This focus was made manifest by the Court of Appeals in Matter of Balcerak v. County of Nassau, 94 N.Y.2d 253, 701 N.Y.S.2d 700, 723 N.E.2d 555, which concerned an injury to a Nassau County correction officer.   The officer argued that a determination that he was entitled to Workers' Compensation benefits for his injuries collaterally estopped Nassau County from denying General Municipal Law § 207-c benefits for the same injuries. The Court of Appeals disagreed.   Drawing on statements made in the 1997 Legislative Memorandum in support of extending the protections of General Municipal Law § 207-c to Nassau County probation officers, the Court held:

“It is evident that General Municipal Law § 207-c benefits were meant to fulfill a narrow and important purpose.   The goal is to compensate specified municipal employees for injuries incurred in the performance of special work related to the nature of heightened risks and duties.   These functions are keyed to ‘the criminal justice process, including investigations, presentencing, criminal supervision, treatment and other preventative corrective services.’ ”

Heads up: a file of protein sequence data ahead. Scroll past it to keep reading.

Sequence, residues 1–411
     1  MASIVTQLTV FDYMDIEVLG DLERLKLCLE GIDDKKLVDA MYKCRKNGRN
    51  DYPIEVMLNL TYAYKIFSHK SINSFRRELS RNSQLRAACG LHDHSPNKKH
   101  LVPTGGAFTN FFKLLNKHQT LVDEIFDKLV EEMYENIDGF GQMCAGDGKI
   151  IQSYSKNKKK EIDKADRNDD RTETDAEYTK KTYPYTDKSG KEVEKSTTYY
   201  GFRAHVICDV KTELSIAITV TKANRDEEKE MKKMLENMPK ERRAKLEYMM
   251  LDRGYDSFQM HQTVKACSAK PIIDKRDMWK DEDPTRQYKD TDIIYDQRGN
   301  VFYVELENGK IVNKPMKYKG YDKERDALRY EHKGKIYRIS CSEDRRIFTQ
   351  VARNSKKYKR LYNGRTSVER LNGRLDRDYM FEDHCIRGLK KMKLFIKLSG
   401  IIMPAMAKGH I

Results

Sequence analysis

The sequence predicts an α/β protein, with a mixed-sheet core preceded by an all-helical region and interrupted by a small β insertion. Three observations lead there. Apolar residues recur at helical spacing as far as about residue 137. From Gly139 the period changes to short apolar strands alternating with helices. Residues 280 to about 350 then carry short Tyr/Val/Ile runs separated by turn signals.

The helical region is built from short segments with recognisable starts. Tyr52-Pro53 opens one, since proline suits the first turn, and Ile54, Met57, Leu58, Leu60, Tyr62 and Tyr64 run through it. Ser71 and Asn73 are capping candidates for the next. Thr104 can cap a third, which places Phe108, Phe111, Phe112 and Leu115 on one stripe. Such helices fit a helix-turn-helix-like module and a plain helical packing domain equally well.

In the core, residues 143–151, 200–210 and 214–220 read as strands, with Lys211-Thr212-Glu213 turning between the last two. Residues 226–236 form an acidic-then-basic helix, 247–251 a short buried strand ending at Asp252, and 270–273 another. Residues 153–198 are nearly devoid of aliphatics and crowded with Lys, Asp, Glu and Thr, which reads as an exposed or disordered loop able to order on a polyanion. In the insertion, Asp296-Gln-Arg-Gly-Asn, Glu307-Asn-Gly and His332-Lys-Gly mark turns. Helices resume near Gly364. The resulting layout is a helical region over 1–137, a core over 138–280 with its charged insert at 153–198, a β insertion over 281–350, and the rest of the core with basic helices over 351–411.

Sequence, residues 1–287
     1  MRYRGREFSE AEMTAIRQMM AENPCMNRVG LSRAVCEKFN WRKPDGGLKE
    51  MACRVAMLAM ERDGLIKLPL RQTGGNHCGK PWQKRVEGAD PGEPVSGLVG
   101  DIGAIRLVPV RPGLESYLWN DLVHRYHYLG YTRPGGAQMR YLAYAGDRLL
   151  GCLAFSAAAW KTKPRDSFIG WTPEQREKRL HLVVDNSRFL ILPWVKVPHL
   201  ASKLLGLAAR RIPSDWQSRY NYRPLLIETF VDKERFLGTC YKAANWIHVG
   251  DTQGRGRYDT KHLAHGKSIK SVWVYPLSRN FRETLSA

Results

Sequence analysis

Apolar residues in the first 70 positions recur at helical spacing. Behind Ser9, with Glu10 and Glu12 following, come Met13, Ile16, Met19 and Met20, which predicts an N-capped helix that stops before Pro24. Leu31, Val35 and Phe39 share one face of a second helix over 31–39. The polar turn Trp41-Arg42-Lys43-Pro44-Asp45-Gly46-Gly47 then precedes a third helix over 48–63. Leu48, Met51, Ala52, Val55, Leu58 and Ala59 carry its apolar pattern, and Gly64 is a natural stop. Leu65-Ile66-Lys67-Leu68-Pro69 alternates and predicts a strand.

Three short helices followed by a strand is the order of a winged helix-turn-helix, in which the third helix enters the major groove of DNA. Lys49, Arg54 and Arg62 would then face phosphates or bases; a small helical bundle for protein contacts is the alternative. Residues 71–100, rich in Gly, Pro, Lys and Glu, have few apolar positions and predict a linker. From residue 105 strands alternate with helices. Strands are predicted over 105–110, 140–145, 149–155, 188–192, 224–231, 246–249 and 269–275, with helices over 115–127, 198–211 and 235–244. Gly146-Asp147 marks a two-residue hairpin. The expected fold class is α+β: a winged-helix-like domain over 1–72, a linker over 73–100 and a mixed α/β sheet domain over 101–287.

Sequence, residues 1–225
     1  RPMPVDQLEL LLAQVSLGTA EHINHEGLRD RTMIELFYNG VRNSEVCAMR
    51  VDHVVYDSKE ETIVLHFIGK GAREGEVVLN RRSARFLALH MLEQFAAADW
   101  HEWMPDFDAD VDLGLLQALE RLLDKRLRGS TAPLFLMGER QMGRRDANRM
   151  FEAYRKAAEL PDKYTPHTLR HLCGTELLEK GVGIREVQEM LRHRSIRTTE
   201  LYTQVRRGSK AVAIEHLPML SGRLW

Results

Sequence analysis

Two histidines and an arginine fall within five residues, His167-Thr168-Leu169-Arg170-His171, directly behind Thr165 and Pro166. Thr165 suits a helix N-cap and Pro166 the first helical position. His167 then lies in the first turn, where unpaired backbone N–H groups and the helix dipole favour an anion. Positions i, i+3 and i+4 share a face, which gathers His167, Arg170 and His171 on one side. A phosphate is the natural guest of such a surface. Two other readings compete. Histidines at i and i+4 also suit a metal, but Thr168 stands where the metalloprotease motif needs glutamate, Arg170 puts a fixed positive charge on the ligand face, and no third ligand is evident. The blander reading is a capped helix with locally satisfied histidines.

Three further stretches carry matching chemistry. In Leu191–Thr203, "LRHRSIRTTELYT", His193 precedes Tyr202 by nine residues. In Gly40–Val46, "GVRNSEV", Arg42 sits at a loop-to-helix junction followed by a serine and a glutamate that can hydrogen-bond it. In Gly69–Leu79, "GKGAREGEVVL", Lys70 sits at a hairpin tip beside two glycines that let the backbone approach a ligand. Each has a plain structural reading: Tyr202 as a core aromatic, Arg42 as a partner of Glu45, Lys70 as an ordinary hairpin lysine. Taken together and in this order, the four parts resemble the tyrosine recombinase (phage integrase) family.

(Matter of Balcerak v. County of Nassau, supra at 259, 701 N.Y.S.2d 700, 723 N.E.2d 555, quoting Senate Mem. in Support, L. 1997, ch. 675, 1997 N.Y. Legis. Ann., at 458).   In contrast, the Balcerak court held that the Workers' Compensation Law was “the State's most general and comprehensive social program, enacted to provide all injured employees with some scheduled compensation and medical expenses, regardless of fault for ordinary and unqualified employment duties” (id.) [emphasis added].   Thus, the Balcerak court noted, although an injury to a police officer during a police department team basketball practice might be an injury “ ‘arising out of and in the course of employment’ ” for purposes of the Workers' Compensation Law (id. at 260, 701 N.Y.S.2d 700, 723 N.E.2d 555, quoting Matter of Malan v. Town of Yorktown, 110 A.D.2d 949, 950, 488 N.Y.S.2d 100), it was not an injury of the “heightened risk type intended to be deemed automatically as arising during the ‘performance’ of duties related to the ‘criminal justice process' ” (id. at 260, 701 N.Y.S.2d 700, 723 N.E.2d 555, quoting Senate Mem. in Support, L. 1997, ch. 675, 1997 N.Y. Legis. Ann., at 458).   General Municipal Law § 207-c, the Court held, was “designed to redress and compensate only the latter [type of injury] more generously than the Workers' Compensation schedule would” (Matter of Balcerak v. County of Nassau, supra at 260, 701 N.Y.S.2d 700, 723 N.E.2d 555).   In rendering its determination, the Balcerak court repeatedly described the scope of General Municipal Law § 207-c as being “narrower” than the “more lenient and inclusive standard” of the Workers' Compensation Law (id. at 260-261, 701 N.Y.S.2d 700, 723 N.E.2d 555).   In sum, Balcerak makes clear that the benefits conferred by General Municipal Law § 207-c are not available for all injuries incurred by police officers in the performance of duties, but are limited to the more narrow category of injuries incurred in the performance of special work related to the nature of heightened risks and duties to which police officers are exposed in the criminal justice process.   Thus, in considering General Municipal Law § 207-c benefits, the nature of the duty being performed at the time of the injury, and its relation to the injury, must be scrutinized.   An examination of several recent cases illustrates the point (see Sutherland v. Village of Suffern, 289 A.D.2d 582, 735 N.Y.S.2d 605, lv. denied 97 N.Y.2d 613, 742 N.Y.S.2d 605, 769 N.E.2d 352 [General Municipal Law § 207-c benefits properly denied police officer injured while attempting to open door to precinct house];  Matter of Dobbertin v. Town of Chester, 292 A.D.2d 382, 383-384, 738 N.Y.S.2d 688, lv. denied 98 N.Y.2d 605, 773 N.E.2d 1017 [General Municipal Law § 207-c benefits properly awarded police officer injured in course of investigation of residence for possible intruder];  Matter of Ertner v. County of Chenango, 280 A.D.2d 851, 720 N.Y.S.2d 410 [General Municipal Law § 207-c benefits properly denied correction officer injured in fall down stairs during routine cell inspection] ).